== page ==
Mechanistic and Genetic Biases in Human Immunoglobulin Heavy Chain Development
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Broadly neutralizing antibodies against HIV are rare; most patients never develop them at detectable levels. The discovery of four such antibodies therefore warrants research into their origins and their presumed unique characteristics. Such studies, however, require baseline knowledge about commonalities and biases affecting human immunoglobulin development. Obtaining that knowledge requires large sets of gene sequence data and the appropriate statistical techniques and tools. The Genbank repository provides a free and easily accessible source for such data. Several large datasets cumulatively comprising over 10,000 human Ig heavy chain genes were identified, downloaded, and carefully filtered. We then developed a special software tool called SoDA, which employs a unique dynamic programming algorithm to provide a statistical reconstruction of the events that led to a given antigen receptor gene. Once developed, tested, and peer-reviewed, we used SoDA to provide initial data about each downloaded gene with respect to gene segment usage, n-nucleotide addition, CDR3 length, and mutation frequency, thereby establishing the most precise estimates currently available for human Ig heavy chain gene segment usage frequencies. We compared data from productive non-autoreactive Ig to non-productive Ig and found evidence for gene segment usage biases, D/J segment pairing preferences resulting from multiple sequential D-to-J recombination events, and biases in TdT action between the V-D and D-J. Further analysis of autoreactive Ig genes yielded evidence that n-nucleotide addition comes at a cost: the higher the ratio of n-nucleotides to germline-encoded nucleotides for a given CDR3 length, the greater the probability of autoreactivity. These results suggest that the germline gene segments have been selected for lack of autoreactivity. It has previously been shown that human Ig gene segments have evolved efficient evolvability under somatic hypermutation. We have now extended these results, showing that Ig gene sequences are "tuned" to preferentially produce consequential mutations in the antigen-binding domains, and synonymous mutations in the framework regions. Together, these analyses provide new insights into the genetic and mechanistic biases shaping the human Ig repertoire.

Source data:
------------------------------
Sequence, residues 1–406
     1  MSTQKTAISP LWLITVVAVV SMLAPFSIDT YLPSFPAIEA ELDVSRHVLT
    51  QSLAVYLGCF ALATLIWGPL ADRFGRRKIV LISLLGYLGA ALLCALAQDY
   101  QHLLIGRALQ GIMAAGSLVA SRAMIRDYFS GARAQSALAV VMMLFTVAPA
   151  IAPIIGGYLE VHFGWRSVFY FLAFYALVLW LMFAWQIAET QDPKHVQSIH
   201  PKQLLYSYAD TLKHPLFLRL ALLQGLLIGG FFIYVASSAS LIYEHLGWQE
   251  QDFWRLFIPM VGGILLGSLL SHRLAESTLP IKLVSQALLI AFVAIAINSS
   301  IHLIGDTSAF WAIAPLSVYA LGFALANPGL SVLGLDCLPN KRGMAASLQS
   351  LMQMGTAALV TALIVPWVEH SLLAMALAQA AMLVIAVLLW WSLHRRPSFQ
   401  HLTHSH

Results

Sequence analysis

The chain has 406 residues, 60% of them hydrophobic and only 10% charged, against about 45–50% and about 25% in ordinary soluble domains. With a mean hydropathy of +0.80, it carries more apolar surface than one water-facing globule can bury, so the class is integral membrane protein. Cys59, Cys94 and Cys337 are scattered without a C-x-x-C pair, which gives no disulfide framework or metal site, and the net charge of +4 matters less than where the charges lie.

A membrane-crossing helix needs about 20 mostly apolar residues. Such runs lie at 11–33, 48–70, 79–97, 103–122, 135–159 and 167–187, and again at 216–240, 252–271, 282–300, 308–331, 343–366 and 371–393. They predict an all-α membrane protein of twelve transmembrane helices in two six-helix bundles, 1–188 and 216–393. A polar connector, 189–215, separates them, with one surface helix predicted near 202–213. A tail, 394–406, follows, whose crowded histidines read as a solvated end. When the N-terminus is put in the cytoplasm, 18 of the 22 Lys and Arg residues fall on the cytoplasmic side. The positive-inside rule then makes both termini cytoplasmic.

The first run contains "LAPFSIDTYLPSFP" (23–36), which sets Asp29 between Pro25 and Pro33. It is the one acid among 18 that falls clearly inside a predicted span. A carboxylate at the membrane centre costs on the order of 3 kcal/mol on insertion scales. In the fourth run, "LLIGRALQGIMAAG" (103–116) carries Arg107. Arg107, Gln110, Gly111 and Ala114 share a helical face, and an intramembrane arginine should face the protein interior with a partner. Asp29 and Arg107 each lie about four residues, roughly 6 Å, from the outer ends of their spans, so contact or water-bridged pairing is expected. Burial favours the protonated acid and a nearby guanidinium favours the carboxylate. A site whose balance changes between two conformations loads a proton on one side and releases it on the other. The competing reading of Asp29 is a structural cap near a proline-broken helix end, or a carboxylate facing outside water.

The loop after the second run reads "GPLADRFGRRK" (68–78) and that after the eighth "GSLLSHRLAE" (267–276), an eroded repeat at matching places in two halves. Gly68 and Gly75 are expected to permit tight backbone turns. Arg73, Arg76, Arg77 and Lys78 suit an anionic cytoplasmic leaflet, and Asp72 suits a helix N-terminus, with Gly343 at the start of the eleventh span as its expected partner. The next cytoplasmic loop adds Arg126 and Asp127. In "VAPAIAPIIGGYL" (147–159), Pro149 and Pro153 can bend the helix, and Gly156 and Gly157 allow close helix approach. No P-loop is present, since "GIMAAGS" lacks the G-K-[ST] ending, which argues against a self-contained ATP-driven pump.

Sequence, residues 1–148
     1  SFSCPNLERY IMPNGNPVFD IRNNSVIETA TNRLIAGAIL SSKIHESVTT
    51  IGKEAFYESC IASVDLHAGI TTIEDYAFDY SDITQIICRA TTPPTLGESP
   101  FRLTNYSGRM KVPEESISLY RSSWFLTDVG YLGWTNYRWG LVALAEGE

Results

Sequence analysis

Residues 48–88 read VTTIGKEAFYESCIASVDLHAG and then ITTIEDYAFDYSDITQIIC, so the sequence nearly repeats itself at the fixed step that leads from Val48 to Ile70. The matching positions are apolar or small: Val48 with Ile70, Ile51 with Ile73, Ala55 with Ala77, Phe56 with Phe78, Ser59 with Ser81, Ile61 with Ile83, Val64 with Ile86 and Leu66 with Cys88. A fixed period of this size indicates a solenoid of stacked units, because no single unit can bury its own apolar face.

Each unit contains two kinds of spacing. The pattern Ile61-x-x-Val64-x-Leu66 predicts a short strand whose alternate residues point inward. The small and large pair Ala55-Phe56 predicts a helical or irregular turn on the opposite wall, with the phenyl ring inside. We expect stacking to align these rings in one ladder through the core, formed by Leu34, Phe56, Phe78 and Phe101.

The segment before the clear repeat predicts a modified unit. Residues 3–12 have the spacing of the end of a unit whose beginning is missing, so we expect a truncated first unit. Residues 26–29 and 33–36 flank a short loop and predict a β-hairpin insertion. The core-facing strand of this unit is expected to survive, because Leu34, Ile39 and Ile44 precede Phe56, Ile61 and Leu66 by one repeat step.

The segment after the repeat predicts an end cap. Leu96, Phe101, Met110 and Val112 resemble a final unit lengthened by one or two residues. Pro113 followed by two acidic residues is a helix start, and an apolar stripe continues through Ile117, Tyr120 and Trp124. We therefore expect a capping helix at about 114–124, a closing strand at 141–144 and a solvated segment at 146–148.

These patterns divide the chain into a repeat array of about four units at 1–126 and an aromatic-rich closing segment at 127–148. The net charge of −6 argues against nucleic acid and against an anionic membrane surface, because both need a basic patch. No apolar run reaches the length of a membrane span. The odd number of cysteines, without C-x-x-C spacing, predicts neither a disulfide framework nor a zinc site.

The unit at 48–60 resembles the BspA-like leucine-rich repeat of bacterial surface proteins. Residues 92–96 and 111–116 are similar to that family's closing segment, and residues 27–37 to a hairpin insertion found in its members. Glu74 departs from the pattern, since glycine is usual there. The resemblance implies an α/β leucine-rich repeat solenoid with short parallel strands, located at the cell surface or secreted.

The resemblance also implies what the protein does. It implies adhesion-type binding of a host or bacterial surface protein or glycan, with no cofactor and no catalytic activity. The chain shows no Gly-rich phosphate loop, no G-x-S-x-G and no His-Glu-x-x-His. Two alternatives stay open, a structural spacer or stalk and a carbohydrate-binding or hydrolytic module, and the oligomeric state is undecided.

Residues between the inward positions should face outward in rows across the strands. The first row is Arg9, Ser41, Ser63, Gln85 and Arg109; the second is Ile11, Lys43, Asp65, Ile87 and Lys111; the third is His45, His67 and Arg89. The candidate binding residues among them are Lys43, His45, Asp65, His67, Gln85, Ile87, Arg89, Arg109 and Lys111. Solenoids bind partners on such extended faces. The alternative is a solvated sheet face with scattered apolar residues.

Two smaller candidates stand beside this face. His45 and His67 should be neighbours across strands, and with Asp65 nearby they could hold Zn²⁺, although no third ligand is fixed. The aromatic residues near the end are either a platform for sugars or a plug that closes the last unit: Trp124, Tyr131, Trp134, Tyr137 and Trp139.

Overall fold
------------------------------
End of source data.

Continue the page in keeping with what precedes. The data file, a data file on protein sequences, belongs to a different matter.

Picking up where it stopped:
DepartmentComputational Biology and Bioinformatics
Health Sciences, Immunology
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